The auditory brainstem implant (ABI) is a neuroprosthetic device that provides hearing sensation to patients who are not candidates for cochlear implantation. The ABI provides meaningful sound detection that aids lipreading but overall outcomes are poor compared to the CI. ABI outcomes are highly variable and thought to be influenced by a number of factors related to patient characteristics, blind placement technique and ABI device design. The design of the ABI device has not changed significantly in about three decades and is thought to contribute to electric current spread and poor spatial specificity of stimulation. In this chapter we provide an update on ours and others work that is focused on improving ABI device design and exploring novel stimulation modalities. Specifically we will discuss (1) Conformable ABI array technology, (2) Novel electrode coatings and (3) Light-based neural stimulation modalities in the context of the ABI.
Key wordshearing loss – deafness – auditory brainstem implant – cochlear nucleus – neurofibromatosis – optogenetics – inferior colliculus – conformable – opsin – optical stimulation – electrical stimulation – auditory cortex
20 Future Developments: Conformable ABI Arrays and Light Stimulation of Auditory Brainstem Using Optogenetics
The auditory brainstem implant (ABI) is a neuroprosthetic device that provides hearing sensations to patients who are not candidates for cochlear implant (CI) surgery due to injury or absence of the cochlea or cochlear nerve. 1 The first surgery to place an ABI array on the cochlear nucleus (CN) was performed by William Hitselberger and William House in 1984. 2 A multi-channel (21-electrode) ABI manufactured by Cochlear Corporation was approved by the Food and Drug Administration (FDA) in 2000 for use in patients with neurofibromatosis type 2 (NF2), an inherited condition that causes the growth of large benign tumors of the vestibular nerve that invariably cause a significant degree of hearing loss. 3 In parallel, the MED-EL Corporation developed a multichannel (12-electrode) ABI for use outside the US that received the CE (conformité européenne) mark in 2003.
The ABI can provide meaningful sound detection that aids in lipreading but overall hearing outcomes are poor compared to those achieved by the CI. Only rarely do ABI users achieve open-set speech recognition compared to the majority of CI recipients. 4 The variability of ABI outcomes are likely influenced by a number of factors (difficulty of surgical approach, duration of deafness, neighboring nonauditory axons of passage). 5 , 6 Other contributors to the poor performance of the ABI include (1) damage to the CN caused by the tumor or its treatment (surgery or radiation), (2) suboptimal positioning of the array as a result of the “blind” placement during surgery, (3) inability of the ABI to replicate the advanced processing of the neurons of the CN, (4) poor spatial resolution of ABI stimulation caused by spread of the electric current, and (5) mechanical mismatch between electrodes and neural tissue due to stiff and noncompliant array.
The overall design of the ABI has not changed significantly over the past three decades. The primary aims of our research group at the Massachusetts Eye and Ear are to (1) examine clinical outcomes of the ABI in NF2 patients and nontumor children and adults who are deaf and are not candidates for the CI and (2) engineer and test new ABI electrode array technology that we hypothesize will reduce current spread and improve spectral resolution over existing designs.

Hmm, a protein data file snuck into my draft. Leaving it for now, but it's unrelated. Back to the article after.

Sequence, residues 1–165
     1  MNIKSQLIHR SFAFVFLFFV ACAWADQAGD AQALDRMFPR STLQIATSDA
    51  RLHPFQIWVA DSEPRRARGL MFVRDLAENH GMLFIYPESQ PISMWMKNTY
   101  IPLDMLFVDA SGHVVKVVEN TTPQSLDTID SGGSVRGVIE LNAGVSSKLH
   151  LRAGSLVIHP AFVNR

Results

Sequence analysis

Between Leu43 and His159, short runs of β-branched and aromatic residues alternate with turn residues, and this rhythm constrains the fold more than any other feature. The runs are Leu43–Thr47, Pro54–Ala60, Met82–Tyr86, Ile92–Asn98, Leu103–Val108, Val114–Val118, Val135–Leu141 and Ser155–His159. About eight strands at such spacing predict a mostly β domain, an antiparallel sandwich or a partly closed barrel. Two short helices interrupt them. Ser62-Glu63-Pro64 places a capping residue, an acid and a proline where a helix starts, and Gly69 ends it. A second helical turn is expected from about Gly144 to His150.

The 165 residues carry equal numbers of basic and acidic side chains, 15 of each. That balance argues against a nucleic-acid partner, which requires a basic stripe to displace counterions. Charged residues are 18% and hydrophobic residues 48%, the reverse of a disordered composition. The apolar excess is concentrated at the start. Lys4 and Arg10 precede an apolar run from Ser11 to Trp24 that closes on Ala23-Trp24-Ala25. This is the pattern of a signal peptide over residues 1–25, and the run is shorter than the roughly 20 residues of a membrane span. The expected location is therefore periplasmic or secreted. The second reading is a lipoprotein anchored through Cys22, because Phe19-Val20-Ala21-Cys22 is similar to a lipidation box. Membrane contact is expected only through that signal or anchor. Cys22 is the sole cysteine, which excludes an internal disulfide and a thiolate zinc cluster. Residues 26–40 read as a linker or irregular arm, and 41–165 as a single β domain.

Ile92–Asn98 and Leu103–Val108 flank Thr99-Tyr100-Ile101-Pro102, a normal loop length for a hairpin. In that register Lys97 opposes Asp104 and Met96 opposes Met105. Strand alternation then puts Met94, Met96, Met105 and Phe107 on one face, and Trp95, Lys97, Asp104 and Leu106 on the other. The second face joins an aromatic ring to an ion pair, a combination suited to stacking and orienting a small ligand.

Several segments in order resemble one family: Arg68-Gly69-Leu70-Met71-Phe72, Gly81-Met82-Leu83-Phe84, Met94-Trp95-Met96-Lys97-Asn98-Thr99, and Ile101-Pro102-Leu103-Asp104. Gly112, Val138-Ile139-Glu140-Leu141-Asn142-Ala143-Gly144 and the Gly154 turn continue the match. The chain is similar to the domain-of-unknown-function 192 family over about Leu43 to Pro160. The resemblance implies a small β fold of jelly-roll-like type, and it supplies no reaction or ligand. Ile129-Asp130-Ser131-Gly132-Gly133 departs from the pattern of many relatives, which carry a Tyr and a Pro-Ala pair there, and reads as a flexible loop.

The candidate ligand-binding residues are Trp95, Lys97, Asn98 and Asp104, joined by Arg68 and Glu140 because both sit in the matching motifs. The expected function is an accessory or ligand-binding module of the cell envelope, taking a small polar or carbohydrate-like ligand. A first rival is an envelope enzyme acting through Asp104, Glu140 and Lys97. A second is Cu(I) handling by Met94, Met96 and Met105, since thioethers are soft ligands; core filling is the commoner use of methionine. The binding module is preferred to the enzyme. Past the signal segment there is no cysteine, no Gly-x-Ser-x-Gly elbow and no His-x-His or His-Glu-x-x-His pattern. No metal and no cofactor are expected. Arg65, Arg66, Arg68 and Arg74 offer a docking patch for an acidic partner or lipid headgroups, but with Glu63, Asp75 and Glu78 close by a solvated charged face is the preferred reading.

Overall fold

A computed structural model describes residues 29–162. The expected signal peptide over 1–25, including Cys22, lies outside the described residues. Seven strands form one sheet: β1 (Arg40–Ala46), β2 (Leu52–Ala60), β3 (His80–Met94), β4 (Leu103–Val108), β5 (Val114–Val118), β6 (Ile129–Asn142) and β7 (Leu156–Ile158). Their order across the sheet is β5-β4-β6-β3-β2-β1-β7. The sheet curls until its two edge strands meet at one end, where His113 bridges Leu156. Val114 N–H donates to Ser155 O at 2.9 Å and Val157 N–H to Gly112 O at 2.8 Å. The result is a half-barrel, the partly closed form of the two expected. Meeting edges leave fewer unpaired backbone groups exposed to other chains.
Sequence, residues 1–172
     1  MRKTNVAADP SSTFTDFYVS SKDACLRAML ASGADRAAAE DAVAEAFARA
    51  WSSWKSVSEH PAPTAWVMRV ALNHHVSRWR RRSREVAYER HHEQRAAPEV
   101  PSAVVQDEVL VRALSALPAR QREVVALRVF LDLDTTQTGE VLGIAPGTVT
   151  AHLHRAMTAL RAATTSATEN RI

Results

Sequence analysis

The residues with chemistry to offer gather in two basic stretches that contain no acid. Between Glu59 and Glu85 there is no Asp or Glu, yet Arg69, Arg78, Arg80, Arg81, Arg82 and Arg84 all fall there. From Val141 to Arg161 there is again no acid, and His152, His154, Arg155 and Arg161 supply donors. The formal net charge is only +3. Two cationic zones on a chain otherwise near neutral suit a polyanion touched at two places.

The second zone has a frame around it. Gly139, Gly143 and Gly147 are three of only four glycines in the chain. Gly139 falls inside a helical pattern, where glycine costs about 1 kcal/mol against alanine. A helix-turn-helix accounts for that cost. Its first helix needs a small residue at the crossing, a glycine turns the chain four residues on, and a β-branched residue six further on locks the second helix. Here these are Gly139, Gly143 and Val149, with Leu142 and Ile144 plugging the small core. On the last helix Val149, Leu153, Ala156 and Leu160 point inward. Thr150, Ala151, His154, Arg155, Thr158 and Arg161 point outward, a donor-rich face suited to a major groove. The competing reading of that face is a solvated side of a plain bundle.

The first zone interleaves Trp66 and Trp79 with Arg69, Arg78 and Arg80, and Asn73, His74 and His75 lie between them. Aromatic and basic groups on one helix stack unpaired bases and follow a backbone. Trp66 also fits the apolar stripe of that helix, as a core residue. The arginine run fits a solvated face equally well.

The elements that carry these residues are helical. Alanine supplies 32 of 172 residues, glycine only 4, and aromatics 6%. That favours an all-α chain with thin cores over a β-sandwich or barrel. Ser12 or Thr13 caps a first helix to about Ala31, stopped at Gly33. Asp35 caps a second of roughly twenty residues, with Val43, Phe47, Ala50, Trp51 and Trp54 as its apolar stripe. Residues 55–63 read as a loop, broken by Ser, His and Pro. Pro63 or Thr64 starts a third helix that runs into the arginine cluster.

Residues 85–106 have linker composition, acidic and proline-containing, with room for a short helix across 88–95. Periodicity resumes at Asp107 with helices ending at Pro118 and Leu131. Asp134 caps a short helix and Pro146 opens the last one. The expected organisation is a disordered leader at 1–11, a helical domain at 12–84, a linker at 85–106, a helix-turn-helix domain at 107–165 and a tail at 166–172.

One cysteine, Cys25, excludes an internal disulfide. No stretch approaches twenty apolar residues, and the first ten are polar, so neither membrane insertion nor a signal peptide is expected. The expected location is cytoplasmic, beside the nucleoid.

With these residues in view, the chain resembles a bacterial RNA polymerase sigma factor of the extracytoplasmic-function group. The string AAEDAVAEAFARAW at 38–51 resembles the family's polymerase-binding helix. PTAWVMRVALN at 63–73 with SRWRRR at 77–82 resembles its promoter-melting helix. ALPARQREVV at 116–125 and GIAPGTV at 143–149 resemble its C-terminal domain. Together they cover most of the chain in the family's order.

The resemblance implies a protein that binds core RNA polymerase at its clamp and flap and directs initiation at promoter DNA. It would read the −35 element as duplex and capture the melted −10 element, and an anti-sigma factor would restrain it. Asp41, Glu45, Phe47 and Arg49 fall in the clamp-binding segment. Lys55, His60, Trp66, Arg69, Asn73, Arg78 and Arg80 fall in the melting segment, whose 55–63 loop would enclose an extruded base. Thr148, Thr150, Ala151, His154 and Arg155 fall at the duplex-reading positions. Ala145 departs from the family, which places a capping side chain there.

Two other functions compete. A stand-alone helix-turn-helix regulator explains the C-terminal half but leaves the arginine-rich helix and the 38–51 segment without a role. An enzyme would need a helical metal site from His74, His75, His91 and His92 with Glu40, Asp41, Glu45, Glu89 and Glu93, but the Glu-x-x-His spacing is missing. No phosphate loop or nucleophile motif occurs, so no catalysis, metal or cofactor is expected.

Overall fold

In the following sections, we provide an update on our progress to develop (1) conformable ABI arrays that improve the mechanical mismatch seen with the current stiff array design, (2) novel coatings to improve electrical properties in smaller electrodes, and (3) “optical” or light-based stimulation modalities using optogenetics to modulate responses of the central auditory pathways.
20.2 Electrical Implant Modifications
20.2.1 Conformable Electrode Arrays for the ABI
As the field of neuroprosthetics has evolved, several engineering groups have sought to study ways to improve the electrode–neural interface. Neural implant electrode arrays in current clinical use, including the ABI, are manufactured on thick platinum and silastic substrates. 7 , 8 These materials are generally rigid and do not conform to the curved surface of neural tissues. We hypothesize that ABI electrodes mounted on a stiff backing will have suboptimal contact to the surface of the CN resulting in spread of current to neighboring structures. We also hypothesize that continuous micro- and macromotion of the pulsating brainstem may influence the durability of the electrode as well as increase scarring of the neural surface. 9 Our recent studies of perceptual thresholds as a function of electrode array position in children and adult ABI users highlight this phenomenon. 6 Some ABI users have a central cluster of usable channels with a peripheral rim of electrodes that produce side effects or do not confer any perception (Fig. 20.1).
A conformable electrode array could theoretically solve this problem by improving contact with the brainstem surface. Conformability of implanted arrays made of a durable synthetic polymer called polyimide can be tuned by altering the thickness of the sheet (Fig. 20.2). 10 Thinner polyimide sheets demonstrate greater conformability. Collaborating with Professor Stephanie Lacour at the École polytechnique fédérale de Lausanne (EPFL), we have shown in acute experimental preparations that conformable microelectrode polyimide arrays can elicit robust inferior colliculus (IC) responses in acute rodent models of the ABI. 11 Potential drawbacks of conformable technology are (1) increased fragility and (2) unfavorable surgical handling characteristics. These issues can be addressed by adding a spine or “handle” to the array to ease insertion (similar to existing designs) as well as including a rigid polymer coating that subsequently dissolves after surgery, allowing for conformation of the array to the curved brainstem.